Ex-Ukraine leader and former U.S. commander urge U.S. to hold firm as Kyiv fights “for global security”

Kyiv, Ukraine – From rocket systems to anti-tank missiles, US weapons have been changing the game in Ukraine. war against the invading forces of Russia. In recent weeks, the weaponry has helped Ukrainian forces recover large areas of territory in the south and east of the country.

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Petro Poroshenko, who served as Ukraine’s president from 2014 to 2019, said he appreciates the U.S. government’s support for his country, but most of all, he told CBS News he wanted to thank “the people of United States”.

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Defeating Vladimir Putin’s invasion of his country, Poroshenko said, is about defending democracy throughout the free world.

“This is a fight not just for Ukraine, it’s a fight for the United States, it’s a fight for the entire Western world,” the former leader told us in Kyiv.

Former Ukrainian leader Petro Poroshenko addresses supporters after his arrival at an airport outside Kyiv, January 17, 2022.


But last month, then-U.S. House Minority Leader Kevin McCarthy suggested that Republicans might reconsider military assistance to Ukraine. if they won control of Congress. McCarthy said there should be “no blank cheques” for the US partner, which years of war have turned into a buffer zone on democratic Europe’s eastern border with autocratic Russia.

Retired General Ben Hodges, who commanded the US military in Europe from 2014 to 2018, said the Republican lawmakers’ comments sounded like “a Kremlin-quality fairy tale, but nevertheless, this is the one coming from the republican side”.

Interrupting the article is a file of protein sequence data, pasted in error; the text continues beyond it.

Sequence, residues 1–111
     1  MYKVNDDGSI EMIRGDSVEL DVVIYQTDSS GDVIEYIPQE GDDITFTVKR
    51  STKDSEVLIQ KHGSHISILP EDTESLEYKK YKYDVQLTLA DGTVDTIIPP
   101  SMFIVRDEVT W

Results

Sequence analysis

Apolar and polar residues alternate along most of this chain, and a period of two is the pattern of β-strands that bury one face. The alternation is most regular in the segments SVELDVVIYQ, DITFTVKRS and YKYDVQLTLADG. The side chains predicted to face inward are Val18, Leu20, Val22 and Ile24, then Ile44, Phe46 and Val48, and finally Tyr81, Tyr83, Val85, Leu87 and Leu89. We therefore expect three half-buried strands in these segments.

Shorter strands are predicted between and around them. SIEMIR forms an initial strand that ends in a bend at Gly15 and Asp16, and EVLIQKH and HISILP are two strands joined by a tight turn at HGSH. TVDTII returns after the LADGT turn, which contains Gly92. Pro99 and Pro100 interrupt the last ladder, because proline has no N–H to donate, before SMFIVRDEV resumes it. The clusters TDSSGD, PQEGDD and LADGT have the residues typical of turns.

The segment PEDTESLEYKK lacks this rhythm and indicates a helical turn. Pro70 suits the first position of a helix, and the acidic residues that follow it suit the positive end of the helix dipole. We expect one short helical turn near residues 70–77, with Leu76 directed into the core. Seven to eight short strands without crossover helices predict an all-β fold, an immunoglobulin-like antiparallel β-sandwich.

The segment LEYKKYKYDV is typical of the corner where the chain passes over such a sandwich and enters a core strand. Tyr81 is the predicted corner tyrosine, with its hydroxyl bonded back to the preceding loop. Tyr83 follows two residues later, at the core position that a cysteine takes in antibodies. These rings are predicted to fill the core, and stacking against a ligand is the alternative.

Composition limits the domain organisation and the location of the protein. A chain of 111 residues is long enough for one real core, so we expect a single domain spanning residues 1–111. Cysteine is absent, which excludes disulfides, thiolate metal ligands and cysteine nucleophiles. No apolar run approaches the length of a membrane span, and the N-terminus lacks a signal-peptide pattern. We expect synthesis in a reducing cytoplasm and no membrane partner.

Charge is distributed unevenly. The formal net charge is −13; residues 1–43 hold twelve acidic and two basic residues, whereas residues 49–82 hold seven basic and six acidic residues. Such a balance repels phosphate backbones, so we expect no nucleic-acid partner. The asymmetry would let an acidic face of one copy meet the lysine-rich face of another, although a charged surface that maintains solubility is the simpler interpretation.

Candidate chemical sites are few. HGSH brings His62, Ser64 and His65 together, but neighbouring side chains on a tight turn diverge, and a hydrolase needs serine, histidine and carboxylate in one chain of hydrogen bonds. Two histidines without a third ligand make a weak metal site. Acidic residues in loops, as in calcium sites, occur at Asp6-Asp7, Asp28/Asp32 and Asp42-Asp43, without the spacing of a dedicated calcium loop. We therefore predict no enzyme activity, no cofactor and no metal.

The former commander also criticizes progressive Democrats in Congress who wrote a letter urging President Biden to use diplomacy to somehow end the war. before hastily withdrawing it. Others in the US have even done so argued that Ukraine should give up the territory in exchange for peace.

Lt. Gen. Ben Hodges, commanding general of U.S. Army Europe, is seen during a news conference following NATO’s Saber Strike military exercises June 16, 2017, in Orzysz, Poland.


We asked Hodges if he thought this could work, if Russia could be trusted.

“Absolutely not,” the longtime US military officer replied, adding that he would ask such people “how much of their country or their home state they are willing to give up if Russia says :”Hey, look, we just want a little bit of Florida, or let’s have New England, and then we’ll promise not to use nuclear weapons.”

Former President Donald Trump, who recently announced his attempt to regain the White House in 2024, was indicted for abuse of power in 2019 after blocking nearly $400 million in military aid to Ukraine and pressuring President Volodymyr Zelenskyy to investigate the discredited corruption allegations against his rival, Joe Biden.

Now some Ukrainians fear they may once again become hostages of American policy.

Poroshenko said he had a message for all his friends in the United States, “both Democrats and Republicans: it should be a competition between you” to see who does “more for Ukraine’s resilience, for global security.”


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